What You Won’t Get From ADS-B
The FAA is beating the drum urging all of us to equip our airplanes now with the ADS-B (automatic dependent surveillance-broadcast) equipment that is the backbone of the NextGen air traffic control system. In short, ADS-B continuously broadcasts to all other airplanes, and to FAA controllers, the location, altitude and velocity of each aircraft.
Instead of a radar on the ground detecting the location of each aircraft, ADS-B will broadcast to all the aircraft’s position, altitude and so on. With the position fixing based on the common navigation grid of GPS, and with a new position broadcast once each second, ADS-B will provide a much more accurate and reliable location and flight track of each aircraft than ground based radar can.
But switching to ADS-B transfers many of the costs of equipping the ATC system from the ground to the cockpit. With ADS-B the FAA will no longer have to build and operate expensive radars, but airplane owners will have to pay to install and maintain ADS-B equipment. As you can imagine, many of us are not anxious to pay for something—air traffic service—that has been government funded for decades. Yes, we all own and maintain transponders to communicate with the radar, but a transponder is a minor expense compared to a full-up ADS-B installation.
To try to make ADS-B and NextGen more attractive to airplane owners the FAA offers to send up weather information and a plot of all other aircraft in your area for free over the ADS-B data link. Most of us already have a traffic alerting system, and in larger or turbine airplanes, a traffic system is required. And most of us also have the equipment to receive weather via satellite either from XM or Sirius. So, the best the FAA can offer is free weather instead of paying the satellite subscription, and a more accurate display of traffic than an airborne system can provide. That’s not much.
But the FAA’s selling of ADS-B as a source for weather and traffic is even more disingenuous than it appears. The reason is that ADS-B is designed to operate on two different frequencies and only one of those frequencies can receive free traffic and weather.
The system that gets the free stuff is called the universal access transceiver (UAT) and it operates on 978 MHz. This is the network that you have read about that is in use now in Alaska, over the Gulf of Mexico, by UPS cargo airplanes, and by several major flight schools. The UAT has enough bandwidth for the weather, traffic, notams and such to be sent up, along with the transmitter in the airplane broadcasting the aircraft position information.
The other ADS-B frequency is 1090 MHZ, the frequency used by all transponders, including the Mode-S units that are part of TCAS equipment. The 1090 frequency is very crowded, as you can imagine, with every transponder and ground based radar broadcasting on that frequency, as well as TCAS units exchanging information. There is no room left on 1090 to send any additional information. And some of us even wonder if there is enough bandwidth on 1090 for the addition of ADS-B, plus the transponders that we all must continue to have operating after ADS-B becomes law in 2020.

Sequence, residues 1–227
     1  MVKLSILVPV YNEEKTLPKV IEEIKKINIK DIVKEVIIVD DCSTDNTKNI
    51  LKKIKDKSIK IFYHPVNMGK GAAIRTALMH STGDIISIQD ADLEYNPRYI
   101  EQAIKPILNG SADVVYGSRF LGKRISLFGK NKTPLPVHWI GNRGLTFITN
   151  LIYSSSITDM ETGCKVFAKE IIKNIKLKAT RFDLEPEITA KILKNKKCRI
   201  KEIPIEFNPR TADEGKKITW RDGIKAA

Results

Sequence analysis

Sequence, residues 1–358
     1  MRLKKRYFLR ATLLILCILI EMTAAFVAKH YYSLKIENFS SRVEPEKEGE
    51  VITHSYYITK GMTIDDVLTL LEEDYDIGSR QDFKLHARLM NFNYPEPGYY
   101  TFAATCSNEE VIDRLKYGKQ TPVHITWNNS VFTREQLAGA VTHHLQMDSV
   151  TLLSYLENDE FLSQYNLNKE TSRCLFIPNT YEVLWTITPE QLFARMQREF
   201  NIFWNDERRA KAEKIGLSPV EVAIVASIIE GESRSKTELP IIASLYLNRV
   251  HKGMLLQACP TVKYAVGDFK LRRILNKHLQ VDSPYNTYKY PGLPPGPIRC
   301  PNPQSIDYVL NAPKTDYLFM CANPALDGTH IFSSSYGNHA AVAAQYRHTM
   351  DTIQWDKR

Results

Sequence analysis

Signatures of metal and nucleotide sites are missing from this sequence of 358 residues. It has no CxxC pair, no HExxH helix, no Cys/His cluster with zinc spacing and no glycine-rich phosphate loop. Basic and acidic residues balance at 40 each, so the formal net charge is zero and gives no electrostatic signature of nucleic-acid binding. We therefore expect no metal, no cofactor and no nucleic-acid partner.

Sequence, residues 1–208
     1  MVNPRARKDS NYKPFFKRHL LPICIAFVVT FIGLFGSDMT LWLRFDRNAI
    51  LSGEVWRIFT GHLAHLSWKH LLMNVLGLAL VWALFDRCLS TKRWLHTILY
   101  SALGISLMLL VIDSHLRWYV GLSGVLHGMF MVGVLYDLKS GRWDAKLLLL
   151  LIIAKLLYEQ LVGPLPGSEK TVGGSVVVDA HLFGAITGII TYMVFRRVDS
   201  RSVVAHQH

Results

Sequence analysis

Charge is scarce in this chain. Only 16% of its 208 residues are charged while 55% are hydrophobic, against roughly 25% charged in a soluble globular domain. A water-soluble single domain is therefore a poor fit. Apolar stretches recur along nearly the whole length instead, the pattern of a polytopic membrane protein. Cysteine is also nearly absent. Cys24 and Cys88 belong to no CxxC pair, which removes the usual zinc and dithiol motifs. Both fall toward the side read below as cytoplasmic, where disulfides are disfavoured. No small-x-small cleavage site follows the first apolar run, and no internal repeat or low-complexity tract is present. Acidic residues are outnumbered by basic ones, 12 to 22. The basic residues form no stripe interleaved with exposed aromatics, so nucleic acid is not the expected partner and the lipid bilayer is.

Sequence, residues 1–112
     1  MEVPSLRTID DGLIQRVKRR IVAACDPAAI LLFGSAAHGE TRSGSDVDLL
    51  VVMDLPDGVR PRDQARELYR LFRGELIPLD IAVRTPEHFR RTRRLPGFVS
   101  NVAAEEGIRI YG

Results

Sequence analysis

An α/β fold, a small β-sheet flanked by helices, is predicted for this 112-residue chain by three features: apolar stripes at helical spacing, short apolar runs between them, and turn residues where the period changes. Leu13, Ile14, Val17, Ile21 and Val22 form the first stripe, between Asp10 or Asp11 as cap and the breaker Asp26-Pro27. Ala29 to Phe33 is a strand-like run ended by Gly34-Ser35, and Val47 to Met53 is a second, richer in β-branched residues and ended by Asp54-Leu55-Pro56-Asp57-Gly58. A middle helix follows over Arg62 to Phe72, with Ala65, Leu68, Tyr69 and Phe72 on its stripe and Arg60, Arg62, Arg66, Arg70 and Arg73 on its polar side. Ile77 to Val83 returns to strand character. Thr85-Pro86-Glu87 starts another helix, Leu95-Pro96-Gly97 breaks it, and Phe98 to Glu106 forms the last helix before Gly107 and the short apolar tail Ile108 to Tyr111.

So, if you choose 1090 for your ADS-B solution, you won’t get any of the free information the FAA touts. And here is the real poke in the eye—any airplane that operates above 18,000 feet must use 1090. So all turbine airplanes and even pressurized or turbocharged pistons must use 1090 and thus will not get any of the free services the FAA talks about.
It’s something of a bait and switch by the FAA. The agency doesn’t always make it clear when selling the benefits of ADS-B that many airplanes cannot use those benefits.
The real ADS-B benefits for higher performance airplanes may be closer spacing between aircraft allowed by the greater precision of ADS-B compared to radar. Closer spacing may reduce delays and we all benefit from time and fuel savings.
But the requirement for all airplanes in the system to have ADS-B isn’t until January 1, 2020 so spacing reductions cannot happen until after that date. And even then, it will undoubtedly take years for us to notice reduced delays and smoother traffic flow.
ADS-B is a better solution to locating and separating air traffic than ground based radar. That is it’s only real benefit. It will cost airplane owners a bundle to equip with ADS-B, and that’s a fact. Will we see a reduction in delays? Who knows? But I wish the FAA would be more upfront and honest and just say that ADS-B is better, but it shifts cost from the government to the airplane owner. ADS-B is like any tax increase. We hope to get something for it, but for now we can’t be sure. The “free” stuff the FAA is selling just isn’t available to many airplane owners.